News this Week

Science  14 Aug 2015:
Vol. 349, Issue 6249, pp. 672
  1. This week's section

    Ancient river deltas, hot springs beckon next Mars rover


    Researchers have narrowed the list of possible destinations for NASA's next Mars rover, due for launch in 2020. Last week they voted for eight sites with high scientific potential. Jezero Crater, a site that holds the remains of a river delta, was the top vote getter; Columbia Hills, a site previously explored by the defunct rover Spirit, came in second, because of silica deposits that indicate an ancient system of hot springs. The $1.5 billion rover is supposed to gather more than 30 rock samples and lay them on the ground in metal tubes; subsequent missions will pick them up and return them to Earth. Scientists want to collect igneous samples, which can help explain how Mars formed, as well as rocks that have the potential for preserving signs of life. The 2020 rover will land using a “sky crane” system similar to that of the Curiosity rover, and engineers will evaluate the relative hazards before a final site is chosen.

    Who will be the next MacGyver?


    In March, Hollywood bigwigs and engineering institutions dangled a tantalizing proposition before aspiring screenwriters: the chance to create a new TV series starring a female hero doing science. On 28 July, 12 finalists pitched their series ideas—part of a pilot script, along with concept art—to an audience of Hollywood producers, actors, and other insiders; five winners were chosen. Each will receive $5000 and a chance to work with Hollywood mentors to develop their series. The winning concepts ranged from spy action to high school comedy to historical. (Above is the concept art for Ada and the Machine, a fictionalized retelling of the story of Ada Lovelace, the daughter of poet Lord Byron, who in 1832 wrote logarithms and created programs for mathematician Charles Babbage's new “calculating machines.”) We asked Science readers to vote on which of the five winners they prefer—and the results are in. The winner, with 33% of the vote, is an action series called Q Branch, about a woman who invents superspy gadgets.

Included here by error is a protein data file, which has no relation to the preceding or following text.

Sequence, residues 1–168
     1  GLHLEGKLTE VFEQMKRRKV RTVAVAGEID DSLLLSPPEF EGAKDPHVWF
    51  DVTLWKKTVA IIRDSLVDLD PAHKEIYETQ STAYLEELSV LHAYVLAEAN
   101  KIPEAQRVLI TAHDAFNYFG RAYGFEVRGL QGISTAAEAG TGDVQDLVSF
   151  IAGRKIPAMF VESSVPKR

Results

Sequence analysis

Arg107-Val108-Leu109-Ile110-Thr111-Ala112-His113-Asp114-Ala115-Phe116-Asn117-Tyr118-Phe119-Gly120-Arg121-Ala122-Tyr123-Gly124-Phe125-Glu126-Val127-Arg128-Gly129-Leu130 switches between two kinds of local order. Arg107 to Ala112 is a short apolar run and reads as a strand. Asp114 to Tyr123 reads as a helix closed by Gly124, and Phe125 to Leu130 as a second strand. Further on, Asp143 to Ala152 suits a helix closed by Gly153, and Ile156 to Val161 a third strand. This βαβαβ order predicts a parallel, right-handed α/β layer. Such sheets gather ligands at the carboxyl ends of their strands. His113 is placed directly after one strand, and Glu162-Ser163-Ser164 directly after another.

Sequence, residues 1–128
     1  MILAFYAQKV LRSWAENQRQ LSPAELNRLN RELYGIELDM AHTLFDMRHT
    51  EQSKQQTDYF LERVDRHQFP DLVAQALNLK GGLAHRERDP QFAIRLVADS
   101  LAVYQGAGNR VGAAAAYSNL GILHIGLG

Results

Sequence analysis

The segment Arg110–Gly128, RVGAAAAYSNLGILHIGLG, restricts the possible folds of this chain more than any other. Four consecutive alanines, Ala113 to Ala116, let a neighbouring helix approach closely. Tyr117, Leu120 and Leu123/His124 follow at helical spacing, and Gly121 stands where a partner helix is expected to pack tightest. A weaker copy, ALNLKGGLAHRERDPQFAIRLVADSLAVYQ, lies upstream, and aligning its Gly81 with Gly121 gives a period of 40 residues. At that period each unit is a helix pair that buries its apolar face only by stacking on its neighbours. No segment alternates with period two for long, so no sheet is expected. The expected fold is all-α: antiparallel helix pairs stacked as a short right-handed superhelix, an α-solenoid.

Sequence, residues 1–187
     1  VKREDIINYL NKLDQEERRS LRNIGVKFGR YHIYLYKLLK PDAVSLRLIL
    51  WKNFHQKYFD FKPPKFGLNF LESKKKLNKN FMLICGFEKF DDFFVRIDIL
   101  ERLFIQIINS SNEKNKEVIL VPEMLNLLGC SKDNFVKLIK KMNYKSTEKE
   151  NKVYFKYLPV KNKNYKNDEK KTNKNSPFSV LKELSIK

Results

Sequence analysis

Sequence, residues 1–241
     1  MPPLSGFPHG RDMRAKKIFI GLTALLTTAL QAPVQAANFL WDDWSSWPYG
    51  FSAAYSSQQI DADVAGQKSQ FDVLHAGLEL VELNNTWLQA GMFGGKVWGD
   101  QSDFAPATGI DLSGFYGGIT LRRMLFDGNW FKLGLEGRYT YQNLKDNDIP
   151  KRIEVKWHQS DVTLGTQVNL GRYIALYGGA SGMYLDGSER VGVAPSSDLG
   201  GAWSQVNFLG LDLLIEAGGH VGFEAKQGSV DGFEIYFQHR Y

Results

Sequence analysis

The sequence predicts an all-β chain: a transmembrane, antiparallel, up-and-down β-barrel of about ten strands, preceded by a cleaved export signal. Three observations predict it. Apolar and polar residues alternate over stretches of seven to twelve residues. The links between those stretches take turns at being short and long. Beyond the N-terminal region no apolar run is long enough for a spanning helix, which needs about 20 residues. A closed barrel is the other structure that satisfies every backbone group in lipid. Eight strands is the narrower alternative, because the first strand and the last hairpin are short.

“It's a new and emerging subdiscipline … a sign of the times.”

    Archaeologist Martin Callanan of the Norwegian University of Science and Technology in Trondheim on “glacial archaeology,” a growing field as mountain climbers' remains, once buried in glaciers, are increasingly revealed by melting ice.

    Around the world

    Batavia, Illinois

    Neutrino experiment's first data

    The $278 million NO∨A experiment at Fermi National Accelerator Laboratory here has collected only 8% of its expected data, but early results suggest it is on course to achieve its main goal of ranking mysterious particles called neutrinos by their weights. Nearly massless and barely interacting with other matter, neutrinos come in three “flavors”—electron, muon, and tau—that morph into one another. Physicists don't know whether there are two light ones and one heavy one (the so-called normal hierarchy) or the other way around (inverted hierarchy). NO∨A aims to find out by firing muon neutrinos 810 kilometers through Earth to a 14,000-tonne detector in Minnesota and spotting electron neutrinos emerging in the beam. The first year of data, yielding between six and 11 conversions, hints that the hierarchy is normal, NO∨A physicists reported last week. Another key type of experiment to test whether the neutrino is its own anti particle may be feasible only if the hierarchy is inverted.

    Suez Canal, Egypt